Early Advising: The broad spatial and temporal view afforded by the geosciences is invaluable for a variety of pursuits. The department offers at least two half-unit courses; Geology 103, The Earth Around Us, and Geology 101, Geohazards that introduce students unfamiliar with the perspective of the geosciences to the disciplines. We urge potential majors to enroll in these courses, as well as Earth Science and Society 100. Also, potential majors should consult with a faculty member in the department as soon as possible in order to determine a course of study that reflects the interests and aspirations of the student. After declaration of the major, no required courses may be elected NRO.
Advisers: Ms. Cunningham, Mr. Godfrey, Mr. McAdoo, Ms. Menking, Mr. Nevins, Ms. Schneiderman, Mr. Walker, Ms. Zhou.
See Geography and Geology.
100a. and [b.] Earth Resource Challenges (1)
(Same as Geography 100 and Geology 100) As an introduction to the earth sciences and geography, this course combines the insights of the natural and social sciences. Geographers bring spatial analysis of human environmental change and its implications, while earth scientists contribute their skills and knowledge of the diverse natural processes shaping the earth’s surface. Together these distinctive yet complementary fields contribute to comprehensive understandings of the physical limitations and potentials, uses and misuses of the earth’s natural resources. Each semester the topic of the course changes to focus on selected resource problems facing societies and environments around the world.
Topic for 2006a: Carbon Conflicts: Coal, Oil, and Diamonds and the Making of the Modem World. Carbon is a basic building block of life and a critical component of the modern world. This course focuses on the extraction, production, and consumption of three carbon-based commodities: coal, oil, and diamonds. In doing so, the course introduces students to the geological and human geographical factors underlying the discovery, mining, and distribution of these resources and the resulting environmental transformations. These transformations have made highly significant contributions to the making of the global political economy, while facilitating unprecedented levels of socioeconomic development and wealth accumulation alongside social devastation and ecological degradation. The course examines these contradictory effects and the uneven distribution of benefits and detriments associated with them, while investigating the ties between the commodification of these resources and wars and conflicts of various sorts (e.g. ecological, labor). Toward the end, students consider the viability of alternatives to these commodified resources given their centrality to the modern world and our collective way of life. Mr. McAdoo and Mr. Nevins.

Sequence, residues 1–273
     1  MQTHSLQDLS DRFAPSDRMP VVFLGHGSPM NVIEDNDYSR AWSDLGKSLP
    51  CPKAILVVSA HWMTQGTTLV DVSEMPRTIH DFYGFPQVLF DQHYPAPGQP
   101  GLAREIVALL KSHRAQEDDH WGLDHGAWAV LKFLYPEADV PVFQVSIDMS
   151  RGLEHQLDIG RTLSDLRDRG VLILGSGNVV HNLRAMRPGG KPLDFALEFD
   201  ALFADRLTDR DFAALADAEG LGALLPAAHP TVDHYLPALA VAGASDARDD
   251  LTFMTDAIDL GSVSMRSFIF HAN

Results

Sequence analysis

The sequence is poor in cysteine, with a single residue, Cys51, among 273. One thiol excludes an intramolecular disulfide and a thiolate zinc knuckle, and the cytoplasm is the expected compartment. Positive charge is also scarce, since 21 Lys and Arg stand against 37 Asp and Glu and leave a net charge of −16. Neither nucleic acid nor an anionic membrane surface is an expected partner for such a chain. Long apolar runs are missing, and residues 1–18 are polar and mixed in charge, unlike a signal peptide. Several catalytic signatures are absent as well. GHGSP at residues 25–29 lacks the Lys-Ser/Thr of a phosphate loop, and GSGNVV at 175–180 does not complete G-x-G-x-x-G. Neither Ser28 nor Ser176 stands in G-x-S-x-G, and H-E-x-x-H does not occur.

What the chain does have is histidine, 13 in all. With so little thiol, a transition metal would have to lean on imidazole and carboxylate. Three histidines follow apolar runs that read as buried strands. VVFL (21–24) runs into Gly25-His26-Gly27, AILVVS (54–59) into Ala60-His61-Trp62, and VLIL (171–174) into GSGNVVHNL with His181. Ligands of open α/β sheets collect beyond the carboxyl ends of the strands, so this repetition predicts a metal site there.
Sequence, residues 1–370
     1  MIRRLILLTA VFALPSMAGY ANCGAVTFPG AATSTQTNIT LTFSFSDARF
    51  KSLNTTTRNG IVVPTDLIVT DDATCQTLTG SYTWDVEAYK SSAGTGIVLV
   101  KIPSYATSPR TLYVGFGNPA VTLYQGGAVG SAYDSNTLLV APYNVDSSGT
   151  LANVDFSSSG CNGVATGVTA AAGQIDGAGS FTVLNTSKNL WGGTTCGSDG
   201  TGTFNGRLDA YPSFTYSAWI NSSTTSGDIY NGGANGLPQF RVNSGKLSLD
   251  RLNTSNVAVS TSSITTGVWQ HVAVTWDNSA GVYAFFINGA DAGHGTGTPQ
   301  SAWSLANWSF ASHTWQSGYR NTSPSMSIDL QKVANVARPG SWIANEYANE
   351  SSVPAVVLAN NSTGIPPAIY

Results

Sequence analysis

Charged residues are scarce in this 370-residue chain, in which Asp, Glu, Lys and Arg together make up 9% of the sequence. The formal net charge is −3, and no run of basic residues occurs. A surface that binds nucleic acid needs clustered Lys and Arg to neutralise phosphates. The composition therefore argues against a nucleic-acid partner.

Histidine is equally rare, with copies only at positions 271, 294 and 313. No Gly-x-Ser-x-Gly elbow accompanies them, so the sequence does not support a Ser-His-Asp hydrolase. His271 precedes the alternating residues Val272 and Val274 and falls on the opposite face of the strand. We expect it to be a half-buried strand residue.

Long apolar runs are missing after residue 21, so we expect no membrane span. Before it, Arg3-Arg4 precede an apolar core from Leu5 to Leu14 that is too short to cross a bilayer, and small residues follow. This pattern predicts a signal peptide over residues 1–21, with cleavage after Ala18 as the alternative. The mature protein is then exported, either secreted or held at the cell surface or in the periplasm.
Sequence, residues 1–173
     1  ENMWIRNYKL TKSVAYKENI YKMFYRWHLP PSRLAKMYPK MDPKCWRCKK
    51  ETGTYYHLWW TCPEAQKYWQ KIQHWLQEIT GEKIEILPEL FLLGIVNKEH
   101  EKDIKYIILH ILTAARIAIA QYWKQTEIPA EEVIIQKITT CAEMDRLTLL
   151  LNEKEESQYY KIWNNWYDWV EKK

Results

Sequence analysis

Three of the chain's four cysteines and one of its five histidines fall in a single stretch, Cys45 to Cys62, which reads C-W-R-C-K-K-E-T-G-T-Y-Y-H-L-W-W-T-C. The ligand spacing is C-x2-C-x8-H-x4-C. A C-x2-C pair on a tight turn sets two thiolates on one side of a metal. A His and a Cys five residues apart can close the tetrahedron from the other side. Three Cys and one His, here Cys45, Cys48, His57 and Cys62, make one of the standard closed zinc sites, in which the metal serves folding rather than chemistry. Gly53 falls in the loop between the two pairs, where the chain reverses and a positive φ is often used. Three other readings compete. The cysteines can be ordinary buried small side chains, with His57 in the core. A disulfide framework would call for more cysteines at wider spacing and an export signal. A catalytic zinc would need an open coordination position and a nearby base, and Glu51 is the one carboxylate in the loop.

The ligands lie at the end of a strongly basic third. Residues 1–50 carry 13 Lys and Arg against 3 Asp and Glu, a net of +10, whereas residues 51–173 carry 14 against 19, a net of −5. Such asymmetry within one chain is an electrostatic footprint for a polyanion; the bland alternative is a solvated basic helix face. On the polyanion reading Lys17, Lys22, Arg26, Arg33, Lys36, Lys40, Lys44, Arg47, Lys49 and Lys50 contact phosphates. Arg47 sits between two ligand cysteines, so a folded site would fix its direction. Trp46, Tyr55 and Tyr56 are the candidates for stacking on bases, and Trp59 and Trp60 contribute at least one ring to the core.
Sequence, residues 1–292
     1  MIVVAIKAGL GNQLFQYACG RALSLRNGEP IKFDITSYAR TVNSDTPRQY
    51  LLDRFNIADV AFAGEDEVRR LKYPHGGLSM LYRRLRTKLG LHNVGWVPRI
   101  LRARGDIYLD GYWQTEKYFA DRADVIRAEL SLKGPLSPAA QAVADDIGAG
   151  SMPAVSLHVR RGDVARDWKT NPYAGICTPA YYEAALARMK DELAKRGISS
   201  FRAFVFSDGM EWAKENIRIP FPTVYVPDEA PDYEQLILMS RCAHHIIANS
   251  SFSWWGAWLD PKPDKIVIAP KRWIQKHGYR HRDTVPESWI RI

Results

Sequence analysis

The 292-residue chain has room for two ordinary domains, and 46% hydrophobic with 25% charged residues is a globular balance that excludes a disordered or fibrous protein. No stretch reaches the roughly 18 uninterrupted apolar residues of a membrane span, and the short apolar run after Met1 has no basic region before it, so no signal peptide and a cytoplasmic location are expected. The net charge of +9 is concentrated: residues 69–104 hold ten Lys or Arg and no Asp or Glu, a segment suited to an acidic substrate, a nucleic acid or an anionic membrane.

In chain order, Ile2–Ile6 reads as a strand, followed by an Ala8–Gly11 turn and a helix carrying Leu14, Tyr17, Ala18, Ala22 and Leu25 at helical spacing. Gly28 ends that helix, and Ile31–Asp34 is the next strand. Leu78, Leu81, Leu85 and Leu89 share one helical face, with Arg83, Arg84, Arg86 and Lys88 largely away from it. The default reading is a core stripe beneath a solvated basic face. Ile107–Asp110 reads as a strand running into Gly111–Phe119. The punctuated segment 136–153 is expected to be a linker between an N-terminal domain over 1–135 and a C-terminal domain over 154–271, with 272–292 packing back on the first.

Two 75-minute periods.
300b. Senior Thesis (1)
An original study, integrating perspectives of geography and geology. The formal research proposal is first developed in Geography 302, the senior seminar, and then is presented to a faculty member in either geography or geology, who serves as the principal adviser. A second faculty member from the other respective discipline participates in the final evaluation.